God and Holiness – Anthony Dimaio

Wait on the Lord HD_mainI grew up just when air-conditioning became popular. We all thought it to be an innovation that would transform our lives and worlds. But I actually think that air conditioning might have taken something away as well. Growing up in Brooklyn, in Bay Ridge, the summers were hot. Coney Island was a 11 minute drive away… thus offering us the respite of the water’s relief.
When summer got hot, everything and everyone S L O W E D  D O W N. Back then the trains just had fans…I think God made Summers to be Slow because if you rushed through them you missed your time of growth. Back in Brooklyn, after families had their dinner, the neighbors would populate their porches and stoops. We all sat with pitchers of lemonade talking from one stoop to another. We would learn more about our history, how we all came to Brooklyn and all the colorful stories that our parents could get out before bedtime.
We learned more about who we were because we slowed down to actually listen. What this has to do with holiness is a bit of a revelation: When I mention the word holiness, instead of thinking about a church building or some dark clothing and attire, think about summer, and how you HAD TO SLOW DOWN so that you didn’t over-heat.Holiness isn’t a tone of voice, black apparel or even the amount of time you spend in prayer.  Holiness is a rhythm and a lifestyle that liberates, creates and redeems that which was lost. Back in the book of Genesis, it was in the evening, when the voice of the Lord would walk in the cool of the day. He and Adam got together after dinner to hang out. I recently was meditating on 2 Timothy where Paul writes about the farmer, the soldier, the athlete. 

Paul tells us to be farmers: farmers plant. They also eat what they plant. If you can’t eat what you produce, you are planting the wrong kind of crop.  But then listening to Chuck Swindoll, he refers to the farmer’s responsibility:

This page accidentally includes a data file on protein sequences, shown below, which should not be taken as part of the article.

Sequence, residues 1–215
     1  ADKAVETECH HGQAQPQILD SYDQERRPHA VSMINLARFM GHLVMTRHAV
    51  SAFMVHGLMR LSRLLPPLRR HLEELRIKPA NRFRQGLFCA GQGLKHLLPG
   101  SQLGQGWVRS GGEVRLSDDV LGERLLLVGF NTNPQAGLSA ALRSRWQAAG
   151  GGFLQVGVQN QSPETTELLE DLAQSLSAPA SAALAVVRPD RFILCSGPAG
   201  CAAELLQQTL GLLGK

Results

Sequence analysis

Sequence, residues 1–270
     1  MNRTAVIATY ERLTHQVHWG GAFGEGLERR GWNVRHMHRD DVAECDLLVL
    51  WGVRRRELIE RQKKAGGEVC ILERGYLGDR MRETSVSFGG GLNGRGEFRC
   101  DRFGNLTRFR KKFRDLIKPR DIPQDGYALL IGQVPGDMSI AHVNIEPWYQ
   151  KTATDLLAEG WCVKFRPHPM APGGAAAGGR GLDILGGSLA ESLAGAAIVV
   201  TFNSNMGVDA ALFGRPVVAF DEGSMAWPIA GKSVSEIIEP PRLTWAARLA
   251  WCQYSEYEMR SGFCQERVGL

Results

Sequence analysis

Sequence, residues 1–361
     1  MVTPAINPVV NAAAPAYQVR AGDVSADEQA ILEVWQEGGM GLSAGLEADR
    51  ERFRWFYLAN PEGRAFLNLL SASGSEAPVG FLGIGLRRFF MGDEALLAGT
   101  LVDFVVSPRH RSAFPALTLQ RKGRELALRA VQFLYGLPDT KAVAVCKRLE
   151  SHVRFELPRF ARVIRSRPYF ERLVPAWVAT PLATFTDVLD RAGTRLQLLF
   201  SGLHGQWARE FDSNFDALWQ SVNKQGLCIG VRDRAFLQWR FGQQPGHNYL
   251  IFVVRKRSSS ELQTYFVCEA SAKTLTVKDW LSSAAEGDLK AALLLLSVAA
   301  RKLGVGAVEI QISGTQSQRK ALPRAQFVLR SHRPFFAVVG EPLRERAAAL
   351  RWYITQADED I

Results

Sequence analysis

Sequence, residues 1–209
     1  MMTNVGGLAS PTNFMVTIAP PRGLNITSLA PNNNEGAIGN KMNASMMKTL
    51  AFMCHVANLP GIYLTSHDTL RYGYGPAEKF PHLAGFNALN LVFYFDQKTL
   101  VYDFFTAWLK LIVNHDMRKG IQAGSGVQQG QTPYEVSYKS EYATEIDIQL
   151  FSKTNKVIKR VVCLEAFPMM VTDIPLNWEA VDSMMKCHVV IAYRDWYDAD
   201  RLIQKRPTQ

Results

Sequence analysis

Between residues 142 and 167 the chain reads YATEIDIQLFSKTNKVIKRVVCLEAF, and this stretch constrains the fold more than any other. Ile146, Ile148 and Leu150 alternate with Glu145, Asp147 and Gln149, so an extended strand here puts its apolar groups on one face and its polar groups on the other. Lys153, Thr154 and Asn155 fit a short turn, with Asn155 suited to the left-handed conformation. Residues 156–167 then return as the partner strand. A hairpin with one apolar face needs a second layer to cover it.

I love the metaphor Jerry Bridges uses in The Pursuit of Holiness. He writes about how a farmer plows his field, plants his seed, and waters his crop, even though God is the One who causes the germination, the growth, and finally, the harvest. The farmer cannot do what God must do, and God will not do what the farmer should do.
Holiness requires cooperation. God has made it possible for us to walk in holiness, but He has given us the responsibility of walking.
Holiness then under this context is the by-product of our pursuit and actions after God… one step at a time, and often when we slow down. Holiness isn’t like Dorothy in The Wizard of Oz, where we  click our spiritual heels and arrive, but how we walk with Him. And how so brilliant and appropriate: Enoch walked with God and was not, because he had the testimony that he pleased God. So today, remind yourself, holiness was never made to be a mouse-click access.
 In the last few days of August, slow down enough to go for a walk with God.  

Anthony DiMaio